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How Cloud Computing Delivers a New Industrial Automation Tool for Improving Operations

The post How Cloud Computing Delivers a New Industrial Automation Tool for Improving Operations first appeared on the ISA Interchange blog site.

This excerpt from InTech magazine was written by Bill Lydon, InTech’s chief editor.

The terms “cloud” and “cloud computing” have become popular, particularly in discussions about the Internet of Things (IoT). Cloud computing is now being discussed as a technology beneficial for industrial automation.

The origin of the term cloud computing is unclear. In some sense, it is descriptive of something off in the distance over the Internet—but we are not sure where or what is storing information and performing computing. Some claim the term was used in internal documents at Compaq Computer in 1996. Others suggest the term was first commercially used in 2006 when Google and Amazon began using “cloud computing” to describe the new approach to access software, computer power, and files over the Web instead of from local servers or a desktop computer. Whatever the history, cloud computing, or cloud for short, is now a common term. Pictures of local computers networked to the image of a cloud in presentations and literature have become popularized.

cloud-computing-industrial-automation-operations-monitoring

The National Institute of Standards and Technology (NIST) defines the term as, “Cloud computing is a model for enabling convenient, on-demand network access to a shared pool of configurable computing resources (e.g., networks, servers, storage, applications, and services) that can be rapidly provisioned and released with minimal management effort or service provider interaction.” NIST also defines essential characteristics of cloud computing:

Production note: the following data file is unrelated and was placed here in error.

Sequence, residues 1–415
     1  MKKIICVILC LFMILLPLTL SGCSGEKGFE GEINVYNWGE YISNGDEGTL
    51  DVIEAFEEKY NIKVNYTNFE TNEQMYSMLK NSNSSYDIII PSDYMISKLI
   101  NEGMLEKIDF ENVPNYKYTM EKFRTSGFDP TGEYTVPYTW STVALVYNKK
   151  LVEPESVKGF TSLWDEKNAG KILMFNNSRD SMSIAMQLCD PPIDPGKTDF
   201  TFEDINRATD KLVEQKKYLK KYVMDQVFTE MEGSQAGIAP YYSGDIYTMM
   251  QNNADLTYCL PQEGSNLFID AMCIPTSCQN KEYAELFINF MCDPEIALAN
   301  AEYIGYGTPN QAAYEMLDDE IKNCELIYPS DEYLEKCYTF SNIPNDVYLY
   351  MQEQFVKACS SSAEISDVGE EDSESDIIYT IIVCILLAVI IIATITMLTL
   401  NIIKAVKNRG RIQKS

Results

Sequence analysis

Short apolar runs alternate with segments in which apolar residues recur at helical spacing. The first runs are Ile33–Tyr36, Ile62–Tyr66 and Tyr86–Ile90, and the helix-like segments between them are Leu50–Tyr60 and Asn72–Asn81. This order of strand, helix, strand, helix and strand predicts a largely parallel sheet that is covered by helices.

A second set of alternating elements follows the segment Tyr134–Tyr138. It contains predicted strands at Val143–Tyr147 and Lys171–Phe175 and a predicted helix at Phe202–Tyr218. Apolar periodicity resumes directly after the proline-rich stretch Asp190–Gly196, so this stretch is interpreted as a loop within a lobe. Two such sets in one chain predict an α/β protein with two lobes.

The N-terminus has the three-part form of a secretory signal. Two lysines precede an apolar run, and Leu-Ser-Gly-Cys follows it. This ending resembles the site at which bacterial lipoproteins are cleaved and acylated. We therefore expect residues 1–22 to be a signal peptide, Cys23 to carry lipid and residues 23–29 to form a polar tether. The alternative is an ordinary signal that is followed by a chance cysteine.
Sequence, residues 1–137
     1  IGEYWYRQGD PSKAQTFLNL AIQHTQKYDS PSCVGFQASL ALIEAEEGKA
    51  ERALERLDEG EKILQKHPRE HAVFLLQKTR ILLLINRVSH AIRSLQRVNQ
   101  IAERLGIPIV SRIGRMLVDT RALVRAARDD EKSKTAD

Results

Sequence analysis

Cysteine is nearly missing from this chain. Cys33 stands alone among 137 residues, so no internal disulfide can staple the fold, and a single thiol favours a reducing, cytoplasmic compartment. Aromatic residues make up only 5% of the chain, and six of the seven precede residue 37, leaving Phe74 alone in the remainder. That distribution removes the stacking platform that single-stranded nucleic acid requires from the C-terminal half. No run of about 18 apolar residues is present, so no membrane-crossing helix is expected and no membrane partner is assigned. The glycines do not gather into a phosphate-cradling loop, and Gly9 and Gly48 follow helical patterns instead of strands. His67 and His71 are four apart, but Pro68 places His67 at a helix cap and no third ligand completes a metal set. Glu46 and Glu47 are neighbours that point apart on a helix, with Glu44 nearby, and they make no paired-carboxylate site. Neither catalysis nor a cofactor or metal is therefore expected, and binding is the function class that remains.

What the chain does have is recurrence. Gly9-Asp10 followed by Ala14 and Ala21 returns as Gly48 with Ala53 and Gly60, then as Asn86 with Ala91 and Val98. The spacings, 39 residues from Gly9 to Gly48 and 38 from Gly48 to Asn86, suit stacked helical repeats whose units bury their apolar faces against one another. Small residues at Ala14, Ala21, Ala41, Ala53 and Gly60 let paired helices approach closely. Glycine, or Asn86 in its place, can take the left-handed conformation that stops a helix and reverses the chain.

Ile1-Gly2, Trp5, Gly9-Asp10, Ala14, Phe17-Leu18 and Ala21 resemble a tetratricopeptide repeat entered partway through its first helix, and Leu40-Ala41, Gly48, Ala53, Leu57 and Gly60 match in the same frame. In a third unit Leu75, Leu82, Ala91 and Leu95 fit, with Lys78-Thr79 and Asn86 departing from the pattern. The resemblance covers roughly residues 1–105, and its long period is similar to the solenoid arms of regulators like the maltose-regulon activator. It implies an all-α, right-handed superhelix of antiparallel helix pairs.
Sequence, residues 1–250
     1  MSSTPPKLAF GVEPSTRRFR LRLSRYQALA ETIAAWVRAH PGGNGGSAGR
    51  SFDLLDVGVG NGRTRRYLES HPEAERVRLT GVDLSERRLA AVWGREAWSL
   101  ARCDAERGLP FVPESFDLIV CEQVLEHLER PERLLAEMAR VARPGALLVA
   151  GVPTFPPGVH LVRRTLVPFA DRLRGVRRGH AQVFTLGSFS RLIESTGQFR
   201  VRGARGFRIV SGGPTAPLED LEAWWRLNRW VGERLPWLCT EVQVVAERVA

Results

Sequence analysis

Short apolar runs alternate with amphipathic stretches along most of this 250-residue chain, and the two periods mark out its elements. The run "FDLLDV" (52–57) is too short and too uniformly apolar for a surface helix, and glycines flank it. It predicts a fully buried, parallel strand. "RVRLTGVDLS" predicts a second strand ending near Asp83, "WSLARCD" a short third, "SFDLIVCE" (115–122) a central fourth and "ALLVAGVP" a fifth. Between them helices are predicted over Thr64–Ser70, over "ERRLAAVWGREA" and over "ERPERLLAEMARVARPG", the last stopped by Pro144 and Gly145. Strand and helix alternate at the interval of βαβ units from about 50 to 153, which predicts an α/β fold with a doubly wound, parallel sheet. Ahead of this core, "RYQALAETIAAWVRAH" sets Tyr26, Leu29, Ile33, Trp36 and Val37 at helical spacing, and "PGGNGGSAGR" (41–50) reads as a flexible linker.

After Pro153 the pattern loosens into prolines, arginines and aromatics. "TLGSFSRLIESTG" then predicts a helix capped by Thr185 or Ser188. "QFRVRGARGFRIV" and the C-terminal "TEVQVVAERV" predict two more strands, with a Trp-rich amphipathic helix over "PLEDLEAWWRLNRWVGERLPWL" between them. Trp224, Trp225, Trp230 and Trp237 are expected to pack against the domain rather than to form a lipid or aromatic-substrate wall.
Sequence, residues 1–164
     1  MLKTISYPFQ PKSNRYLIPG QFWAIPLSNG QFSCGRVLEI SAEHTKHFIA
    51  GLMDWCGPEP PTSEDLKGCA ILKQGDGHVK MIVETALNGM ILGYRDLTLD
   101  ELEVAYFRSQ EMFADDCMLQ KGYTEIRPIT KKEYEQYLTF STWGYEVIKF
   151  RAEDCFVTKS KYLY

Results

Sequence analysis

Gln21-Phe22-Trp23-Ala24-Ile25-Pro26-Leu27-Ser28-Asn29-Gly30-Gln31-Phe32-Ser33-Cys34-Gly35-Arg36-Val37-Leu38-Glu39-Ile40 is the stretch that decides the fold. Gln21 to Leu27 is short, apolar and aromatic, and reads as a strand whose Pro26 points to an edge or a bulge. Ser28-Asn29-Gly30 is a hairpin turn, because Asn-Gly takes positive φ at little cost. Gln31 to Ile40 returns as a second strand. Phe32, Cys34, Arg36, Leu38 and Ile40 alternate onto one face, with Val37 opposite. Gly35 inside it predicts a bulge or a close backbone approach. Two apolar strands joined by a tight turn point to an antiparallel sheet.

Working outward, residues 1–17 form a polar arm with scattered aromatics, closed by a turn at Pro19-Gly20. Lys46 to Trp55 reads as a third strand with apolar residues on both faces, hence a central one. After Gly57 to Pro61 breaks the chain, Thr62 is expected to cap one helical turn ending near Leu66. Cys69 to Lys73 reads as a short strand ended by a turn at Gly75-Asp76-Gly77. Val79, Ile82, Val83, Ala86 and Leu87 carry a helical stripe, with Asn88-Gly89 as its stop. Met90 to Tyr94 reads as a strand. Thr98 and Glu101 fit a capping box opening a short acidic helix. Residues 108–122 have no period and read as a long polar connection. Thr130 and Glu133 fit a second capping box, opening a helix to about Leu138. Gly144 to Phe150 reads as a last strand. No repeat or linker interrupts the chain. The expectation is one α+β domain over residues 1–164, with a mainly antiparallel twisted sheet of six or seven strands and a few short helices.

On-demand self-service

A user can unilaterally provision computing capabilities, such as server time and network storage, as needed automatically without requiring human interaction with each service provider.

Broad network access

Capabilities are available over the network and accessed through standard mechanisms (i.e., Web services) that promote use by various platforms (e.g., mobile phones, tablets, laptops, and workstations).

Resource pooling

The cloud provider’s computing resources are pooled to serve multiple consumers using a multi-tenant model, with different physical and virtual resources dynamically assigned and reassigned according to user demand. There is a sense of location independence in that the customer generally has no control over or knowledge of the exact location of the provided resources. Examples of resources include storage, processing, memory, and network bandwidth.

Rapid elasticity

Capabilities can be automatically provisioned and scaled to rapidly meet computing and storage needs based on user demand. To the user, the capabilities available often appear to be unlimited and can be appropriated in any quantity at any time.

Measured service